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Las Vegas Green Card Lawyers

How to Become a Lawful Permanent Resident

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Are you or your loved one looking to becoming a lawful permanent resident (“green card” holder) of the United States? If so, the opportunity to seek residency in the U.S. can be achieved lawfully through a qualifying family relationship. The Immigration and Nationality Act grants you the ability to seek a green card in the U.S. through a process called “adjustment of status.”

However, not everyone is eligible to apply for a green card through an adjustment of status. For this reason, it’s important for you to understand the process and ascertain whether you’re an eligible candidate to seek lawful permanent residency.

What is a Lawful Permanent Resident?

A Lawful Permanent Resident (“LPR”), otherwise known as a green card holder, is a foreign national who is legally authorized to live and work permanently in the United States. A person cannot become a citizen until they first become a lawful permanent resident. After a certain number of years of LPR status, and while maintaining a good background the whole time, a person can eventually apply to become a United States citizen through the Application for Naturalization, Form N-400.

When you apply for a green card and are accepted, you receive a physical identification card proving your legal status as a person authorized to live and work in the U.S. The card is similar to a driver’s license, with predominantly green colors, and proves that you’re a lawful permanent resident of the United States. Green cards were first issued by the United States government following the end of World War II and, because they were predominately green in color, they came to be referred to as “green cards.” Basically, it’s an identity card that signifies a person is authorized to lawfully live and work in the United States.

There are two main ways to apply for permanent residence in the U.S.— adjustment of status and consular processing.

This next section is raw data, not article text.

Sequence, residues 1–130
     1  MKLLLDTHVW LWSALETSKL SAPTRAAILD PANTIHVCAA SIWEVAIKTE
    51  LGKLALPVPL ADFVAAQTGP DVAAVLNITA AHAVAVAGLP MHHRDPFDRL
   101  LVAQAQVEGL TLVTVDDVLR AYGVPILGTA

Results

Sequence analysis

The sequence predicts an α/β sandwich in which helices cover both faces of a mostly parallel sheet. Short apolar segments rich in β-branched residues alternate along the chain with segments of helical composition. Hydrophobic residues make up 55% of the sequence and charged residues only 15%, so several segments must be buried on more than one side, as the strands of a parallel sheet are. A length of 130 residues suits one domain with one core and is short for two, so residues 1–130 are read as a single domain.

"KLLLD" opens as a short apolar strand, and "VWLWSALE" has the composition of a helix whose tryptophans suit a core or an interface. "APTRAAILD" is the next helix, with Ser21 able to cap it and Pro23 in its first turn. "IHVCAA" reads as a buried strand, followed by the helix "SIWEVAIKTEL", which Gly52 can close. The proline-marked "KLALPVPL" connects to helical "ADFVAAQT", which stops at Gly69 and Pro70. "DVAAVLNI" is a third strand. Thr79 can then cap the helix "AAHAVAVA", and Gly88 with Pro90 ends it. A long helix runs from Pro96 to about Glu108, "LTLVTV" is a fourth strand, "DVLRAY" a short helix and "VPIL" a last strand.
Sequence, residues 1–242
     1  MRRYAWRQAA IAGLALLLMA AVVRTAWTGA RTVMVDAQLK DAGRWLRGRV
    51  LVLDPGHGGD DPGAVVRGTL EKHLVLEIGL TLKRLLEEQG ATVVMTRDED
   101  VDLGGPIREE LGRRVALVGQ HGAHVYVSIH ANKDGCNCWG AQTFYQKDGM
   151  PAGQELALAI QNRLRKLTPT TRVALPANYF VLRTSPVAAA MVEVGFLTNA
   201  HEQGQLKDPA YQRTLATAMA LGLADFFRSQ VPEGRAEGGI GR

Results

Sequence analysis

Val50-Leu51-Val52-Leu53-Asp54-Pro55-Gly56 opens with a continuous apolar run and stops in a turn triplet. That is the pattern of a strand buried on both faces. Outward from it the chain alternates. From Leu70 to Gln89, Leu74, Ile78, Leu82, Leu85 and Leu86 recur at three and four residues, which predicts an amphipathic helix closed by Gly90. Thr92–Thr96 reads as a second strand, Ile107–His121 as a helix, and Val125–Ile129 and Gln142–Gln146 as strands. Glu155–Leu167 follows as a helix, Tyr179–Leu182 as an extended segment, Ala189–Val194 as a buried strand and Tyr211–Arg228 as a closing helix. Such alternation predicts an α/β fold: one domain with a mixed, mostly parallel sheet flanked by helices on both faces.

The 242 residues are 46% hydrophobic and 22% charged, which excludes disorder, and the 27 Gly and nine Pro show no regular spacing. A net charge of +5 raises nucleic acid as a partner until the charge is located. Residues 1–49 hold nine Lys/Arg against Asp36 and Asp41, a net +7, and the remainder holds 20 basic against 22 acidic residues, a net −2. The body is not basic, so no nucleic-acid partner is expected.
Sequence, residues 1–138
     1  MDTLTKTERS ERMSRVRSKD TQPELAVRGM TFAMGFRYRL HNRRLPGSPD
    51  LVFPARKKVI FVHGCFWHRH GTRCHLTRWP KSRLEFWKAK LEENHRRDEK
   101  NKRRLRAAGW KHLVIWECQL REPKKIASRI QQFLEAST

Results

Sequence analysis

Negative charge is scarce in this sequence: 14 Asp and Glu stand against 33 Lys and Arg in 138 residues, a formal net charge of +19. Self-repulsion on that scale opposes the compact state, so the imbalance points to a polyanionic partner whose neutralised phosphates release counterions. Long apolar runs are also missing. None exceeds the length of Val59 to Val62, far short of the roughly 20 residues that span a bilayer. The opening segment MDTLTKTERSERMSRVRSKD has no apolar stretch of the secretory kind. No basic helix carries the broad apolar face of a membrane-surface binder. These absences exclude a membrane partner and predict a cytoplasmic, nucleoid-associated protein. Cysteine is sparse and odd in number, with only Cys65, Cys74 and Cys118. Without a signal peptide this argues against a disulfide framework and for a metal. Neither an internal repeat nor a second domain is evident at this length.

To become eligible to apply for green card status, you must fall under a certain category.

The categories include:

  • An immediate relative or someone that falls within a family-based preference category (family reunification)
  • Someone being sponsored by an employer or who is an investor or physician
  • A special immigrant such as a religious worker or an international broadcaster
  • A Refugee or someone granted Asylum status
  • Someone with human trafficking/crime victim status
  • A qualifying victim of abuse
  • Someone that falls within “other” status such as an American Indian born in Canada or Diversity Immigrant Visa Program
  • Someone eligible through registry where he or she has resided continuously in the U.S. since before January 1, 1972
Advantages of Holding a Green Card

Some of the advantages of holding a green card include:

  • Being able to accept an offer of employment without certain restrictions
  • Being able to own property
  • Being able to receive financial aid at public educational institutions
  • Being able to join and serve in the Armed Forces
  • Being able to become a United States citizen
  • Being able to sponsor a foreign spouse or unmarried children into the United States
What is Adjustment of Status?